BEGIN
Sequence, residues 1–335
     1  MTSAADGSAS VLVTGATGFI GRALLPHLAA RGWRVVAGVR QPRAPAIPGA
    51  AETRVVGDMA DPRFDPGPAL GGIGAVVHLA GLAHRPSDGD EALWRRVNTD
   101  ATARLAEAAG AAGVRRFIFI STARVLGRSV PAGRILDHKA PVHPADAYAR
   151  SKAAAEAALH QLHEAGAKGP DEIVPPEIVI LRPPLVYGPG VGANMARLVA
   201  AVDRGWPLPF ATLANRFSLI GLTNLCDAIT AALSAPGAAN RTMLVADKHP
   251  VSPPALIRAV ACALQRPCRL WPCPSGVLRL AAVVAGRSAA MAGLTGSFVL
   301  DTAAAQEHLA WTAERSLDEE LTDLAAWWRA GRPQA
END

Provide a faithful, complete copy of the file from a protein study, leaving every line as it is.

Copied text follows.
Sequence, residues 1–335
     1  MTSAADGSAS VLVTGATGFI GRALLPHLAA RGWRVVAGVR QPRAPAIPGA
    51  AETRVVGDMA DPRFDPGPAL GGIGAVVHLA GLAHRPSDGD EALWRRVNTD
   101  ATARLAEAAG AAGVRRFIFI STARVLGRSV PAGRILDHKA PVHPADAYAR
   151  SKAAAEAALH QLHEAGAKGP DEIVPPEIVI LRPPLVYGPG VGANMARLVA
   201  AVDRGWPLPF ATLANRFSLI GLTNLCDAIT AALSAPGAAN RTMLVADKHP
   251  VSPPALIRAV ACALQRPCRL WPCPSGVLRL AAVVAGRSAA MAGLTGSFVL
   301  DTAAAQEHLA WTAERSLDEE LTDLAAWWRA GRPQA